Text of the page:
Chapter five is concerned with the development of print culture. When the technology of writing shifts communication from an oral/aural sphere to a visual one, it creates “a shift from sound to visual space” (115). This oral to visual shift is, as chapter five argues, observable in the development of print culture. Whereas early manuscripts were focused on producing a written document usable in a primarily oral culture, today print is intended to serve a literate culture. There are two very helpful illustrations of this point. First, the concept of plagiarism is a preoccupation of a literate society and was of little concern in an oral world. “Typography had made the word into a commodity. The old communal world had split up into privately claimed freeholdings” (129; cf. 131). Stories no longer belong to groups or tribes but to individuals. The second illustration of print culture that I found quite illuminating was the development of plot-lines. This illustration is only introduced in chapter five and transitions to chapter six.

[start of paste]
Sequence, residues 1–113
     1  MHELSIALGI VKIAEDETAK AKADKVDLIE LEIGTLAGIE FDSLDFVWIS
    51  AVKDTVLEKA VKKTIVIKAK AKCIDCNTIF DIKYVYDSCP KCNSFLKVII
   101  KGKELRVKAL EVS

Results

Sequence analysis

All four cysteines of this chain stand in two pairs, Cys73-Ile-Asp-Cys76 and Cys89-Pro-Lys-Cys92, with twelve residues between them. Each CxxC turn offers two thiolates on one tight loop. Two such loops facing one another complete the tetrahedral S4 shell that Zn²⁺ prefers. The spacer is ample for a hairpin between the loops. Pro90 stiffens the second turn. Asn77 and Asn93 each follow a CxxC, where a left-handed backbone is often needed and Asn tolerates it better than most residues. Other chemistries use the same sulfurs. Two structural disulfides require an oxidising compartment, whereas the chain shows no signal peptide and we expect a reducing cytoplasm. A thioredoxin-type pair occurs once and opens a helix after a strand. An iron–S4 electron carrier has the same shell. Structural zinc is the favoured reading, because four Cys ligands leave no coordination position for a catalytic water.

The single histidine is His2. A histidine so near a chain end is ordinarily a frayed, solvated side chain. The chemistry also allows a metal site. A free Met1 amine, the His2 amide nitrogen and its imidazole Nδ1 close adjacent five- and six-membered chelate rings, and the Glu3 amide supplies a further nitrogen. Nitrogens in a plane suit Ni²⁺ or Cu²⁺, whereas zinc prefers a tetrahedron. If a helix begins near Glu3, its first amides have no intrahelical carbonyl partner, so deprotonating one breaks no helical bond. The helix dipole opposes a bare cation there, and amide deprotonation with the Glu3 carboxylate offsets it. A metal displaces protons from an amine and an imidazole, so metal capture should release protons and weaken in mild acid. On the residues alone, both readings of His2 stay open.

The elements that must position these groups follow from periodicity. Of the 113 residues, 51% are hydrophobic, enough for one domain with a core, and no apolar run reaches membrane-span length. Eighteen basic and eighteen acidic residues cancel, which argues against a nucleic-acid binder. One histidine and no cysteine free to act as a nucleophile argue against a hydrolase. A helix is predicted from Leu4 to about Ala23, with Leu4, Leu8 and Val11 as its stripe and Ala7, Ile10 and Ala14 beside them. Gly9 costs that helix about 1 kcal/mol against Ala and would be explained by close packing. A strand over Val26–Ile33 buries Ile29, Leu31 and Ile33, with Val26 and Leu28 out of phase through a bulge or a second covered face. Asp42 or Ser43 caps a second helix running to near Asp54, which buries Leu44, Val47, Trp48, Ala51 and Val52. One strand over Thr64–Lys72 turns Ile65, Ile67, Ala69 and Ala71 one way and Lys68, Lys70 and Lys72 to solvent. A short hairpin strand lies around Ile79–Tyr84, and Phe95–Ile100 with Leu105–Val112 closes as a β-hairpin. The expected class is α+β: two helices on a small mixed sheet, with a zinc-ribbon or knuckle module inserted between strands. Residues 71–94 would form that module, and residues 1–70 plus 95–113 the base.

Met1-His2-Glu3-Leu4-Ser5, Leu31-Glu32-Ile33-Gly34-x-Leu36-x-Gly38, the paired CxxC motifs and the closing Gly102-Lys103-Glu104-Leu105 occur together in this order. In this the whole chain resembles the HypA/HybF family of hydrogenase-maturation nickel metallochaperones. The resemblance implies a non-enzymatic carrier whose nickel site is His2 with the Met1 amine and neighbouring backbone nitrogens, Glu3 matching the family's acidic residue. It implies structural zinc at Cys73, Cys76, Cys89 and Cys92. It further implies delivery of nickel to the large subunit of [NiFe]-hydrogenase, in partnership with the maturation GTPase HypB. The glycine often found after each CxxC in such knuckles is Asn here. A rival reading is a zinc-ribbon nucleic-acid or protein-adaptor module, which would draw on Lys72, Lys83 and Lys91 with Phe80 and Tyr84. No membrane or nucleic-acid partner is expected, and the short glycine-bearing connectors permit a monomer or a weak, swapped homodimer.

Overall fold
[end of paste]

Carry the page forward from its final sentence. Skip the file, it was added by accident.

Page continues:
The shift from orality to literacy was first observed in literary analysis of Homer. Not surprisingly then, most studies of orality-literacy shift dynamics have focused on literature and narrative in particular. The shift is keenly observable in the development of the concept of a plot line as seen in chapter six. Today, elementary school students learn the development of a plot in terms of a story arc (139).  In the world of literature the climax of plot is the detective story (141). “In the ideal detective story, ascending action builds relentlessly to all but unbearable tension, the climactic recognition and reversal releases the tension with explosive suddenness, and the dénouement disentangles everything totally – every single detail in the story turns out to have been crucial – and, until the climax and dénouement, effectively misleading” (146). Thus, a very tight plot line allows for great complexity in character development and “plot twists” that turn out to be quite important (148-52). In the context of an oral world, however, the primary genre of oral tradition is the epic, which does not have a linear plot. Epic poetry is episodic. The story begins “in the middle of things” and can contain lengthy digressions that do not serve a specific plot development. Literate stories have intricately woven plots but oral cultures have creative ways of immersing their readers in an episodic experience.